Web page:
A 'proof of absence' of grain pests is increasingly being required for Australian grain exports, but it is a challenge that delivers a marketing advantage.
PHOTO: Paul Jones
To maintain access to lucrative overseas grain markets – worth up to $11 billion a year – Australia can be asked to provide evidence that exported grain is free from exotic grain pests.
Demonstrating this ‘proof of absence’ involves checking crops and harvested grain and reporting that no exotic pests were found. These checks are submitted to a national database, which, over time, builds a systematic picture of pest freedom.
Gathering proof of absence is a complex challenge because the many different types of grain grown across the country are often delivered, stored and transported thousands of kilometres before finally being shipped overseas.
Once grain leaves the farm, inspection of grain for quality and the absence of pests and diseases is routinely undertaken by the bulk-handling companies in their storage facilities and prior to export.
Working with one of Australia’s largest bulk handlers, GrainCorp, Victoria’s grains biosecurity officer Jim Moran has significantly boosted the number of ‘pest absence’ reports. “We now have GrainCorp technicians checking and reporting on harvested and stored grain at their facilities,” Mr Moran says.
GrainCorp routinely undertakes surveillance as part of its everyday business practices, checking thousands of grain samples from loads delivered to receival sites across the eastern states. The company has a nil tolerance of live insects. Any loads with insects are rejected. Laboratory observations provide further assurance of grain quality for domestic and international customers.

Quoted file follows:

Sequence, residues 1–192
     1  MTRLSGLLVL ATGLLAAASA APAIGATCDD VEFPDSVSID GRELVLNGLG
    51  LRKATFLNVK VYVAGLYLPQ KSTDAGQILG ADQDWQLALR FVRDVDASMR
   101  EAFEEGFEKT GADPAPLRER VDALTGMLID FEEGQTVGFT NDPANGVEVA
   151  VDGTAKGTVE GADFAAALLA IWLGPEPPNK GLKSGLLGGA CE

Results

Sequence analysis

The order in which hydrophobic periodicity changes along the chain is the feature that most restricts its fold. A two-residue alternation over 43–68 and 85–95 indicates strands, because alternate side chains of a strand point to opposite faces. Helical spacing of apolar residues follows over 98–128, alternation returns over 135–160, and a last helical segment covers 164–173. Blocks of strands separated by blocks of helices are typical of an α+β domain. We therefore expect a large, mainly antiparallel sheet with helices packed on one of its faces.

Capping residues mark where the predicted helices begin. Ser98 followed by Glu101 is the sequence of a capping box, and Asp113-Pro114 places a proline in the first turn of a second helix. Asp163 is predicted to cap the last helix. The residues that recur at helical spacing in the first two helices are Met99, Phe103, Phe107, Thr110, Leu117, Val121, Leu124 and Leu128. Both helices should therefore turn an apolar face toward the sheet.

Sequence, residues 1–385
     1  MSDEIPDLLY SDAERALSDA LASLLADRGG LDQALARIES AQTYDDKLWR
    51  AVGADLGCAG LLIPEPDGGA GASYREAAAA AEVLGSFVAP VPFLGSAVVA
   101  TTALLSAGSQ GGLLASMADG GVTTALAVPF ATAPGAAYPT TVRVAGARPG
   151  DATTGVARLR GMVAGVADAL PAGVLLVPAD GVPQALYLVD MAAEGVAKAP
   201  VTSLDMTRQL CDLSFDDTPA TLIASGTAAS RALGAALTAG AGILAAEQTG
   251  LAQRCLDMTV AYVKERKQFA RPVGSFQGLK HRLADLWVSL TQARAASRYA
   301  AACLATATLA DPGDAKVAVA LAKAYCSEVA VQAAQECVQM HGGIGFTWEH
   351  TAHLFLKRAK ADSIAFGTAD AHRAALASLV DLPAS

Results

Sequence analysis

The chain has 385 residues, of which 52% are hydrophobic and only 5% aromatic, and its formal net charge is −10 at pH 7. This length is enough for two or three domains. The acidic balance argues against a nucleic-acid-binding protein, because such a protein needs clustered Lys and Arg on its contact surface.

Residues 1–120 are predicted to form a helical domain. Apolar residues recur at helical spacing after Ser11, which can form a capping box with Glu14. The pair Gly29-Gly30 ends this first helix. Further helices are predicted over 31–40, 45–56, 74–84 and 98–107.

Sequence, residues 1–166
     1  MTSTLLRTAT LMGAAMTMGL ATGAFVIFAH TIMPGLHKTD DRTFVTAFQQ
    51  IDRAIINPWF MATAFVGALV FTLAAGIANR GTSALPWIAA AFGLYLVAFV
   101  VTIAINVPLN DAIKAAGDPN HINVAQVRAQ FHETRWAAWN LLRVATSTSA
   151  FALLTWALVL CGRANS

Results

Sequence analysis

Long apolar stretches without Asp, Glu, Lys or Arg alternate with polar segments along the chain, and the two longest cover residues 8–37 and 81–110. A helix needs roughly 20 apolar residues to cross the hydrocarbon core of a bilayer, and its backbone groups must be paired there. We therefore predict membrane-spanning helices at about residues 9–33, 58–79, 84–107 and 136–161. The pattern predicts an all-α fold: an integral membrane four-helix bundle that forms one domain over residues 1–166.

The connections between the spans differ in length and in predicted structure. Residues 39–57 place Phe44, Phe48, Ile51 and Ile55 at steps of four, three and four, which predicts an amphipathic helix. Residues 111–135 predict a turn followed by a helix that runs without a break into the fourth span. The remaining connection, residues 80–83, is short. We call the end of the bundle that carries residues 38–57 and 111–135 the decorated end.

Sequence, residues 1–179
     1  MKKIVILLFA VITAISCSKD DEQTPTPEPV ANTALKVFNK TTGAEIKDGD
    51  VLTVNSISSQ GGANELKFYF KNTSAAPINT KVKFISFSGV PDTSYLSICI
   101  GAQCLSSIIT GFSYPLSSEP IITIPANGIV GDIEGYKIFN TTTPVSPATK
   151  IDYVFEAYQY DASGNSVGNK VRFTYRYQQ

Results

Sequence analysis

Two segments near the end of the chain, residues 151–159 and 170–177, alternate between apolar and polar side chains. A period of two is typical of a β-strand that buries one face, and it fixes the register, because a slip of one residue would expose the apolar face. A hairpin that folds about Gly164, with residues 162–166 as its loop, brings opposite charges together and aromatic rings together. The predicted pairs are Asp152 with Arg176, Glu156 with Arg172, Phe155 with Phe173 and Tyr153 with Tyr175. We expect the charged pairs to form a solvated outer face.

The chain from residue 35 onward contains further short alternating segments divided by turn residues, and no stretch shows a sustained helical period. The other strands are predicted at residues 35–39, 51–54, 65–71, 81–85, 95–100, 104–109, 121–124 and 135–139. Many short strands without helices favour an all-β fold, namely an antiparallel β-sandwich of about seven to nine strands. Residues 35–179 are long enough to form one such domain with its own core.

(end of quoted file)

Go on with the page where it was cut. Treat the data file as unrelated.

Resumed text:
In Victoria, for the 2012 growing season, more than 2900 wheat and 1700 barley samples were tested and found to be free from the stored grain pests Karnal bunt and khapra beetle, both of which are present in other countries.
GrainCorp’s technical services and quality manager Pat Wilson says GrainCorp tests about 25,000 harvest samples and more than 35,000 export samples every year to ensure grain quality and also to determine the presence of quarantine pests. “This surveillance is a key tool for our customers in meeting importing countries’ biosecurity requirements.”
To support the technicians, GrainCorp distributed exotic pest fact sheets on both Karnal bunt and khapra beetle to 350 receival sites in the eastern states. These detail the pests’ peculiarities and distinguishing features, as well as describing the damage they cause, to help with identification.
Australia’s comparative freedom from grain pests provides a valuable market advantage over other grain exporting nations – an advantage worth protecting. Mr Moran says that biosecurity and the integrity of the grains export industry is a partnership that relies on everybody being alert for, and reporting, any unusual pests. The Exotic Plant Pest Hotline number is 1800 084 881.
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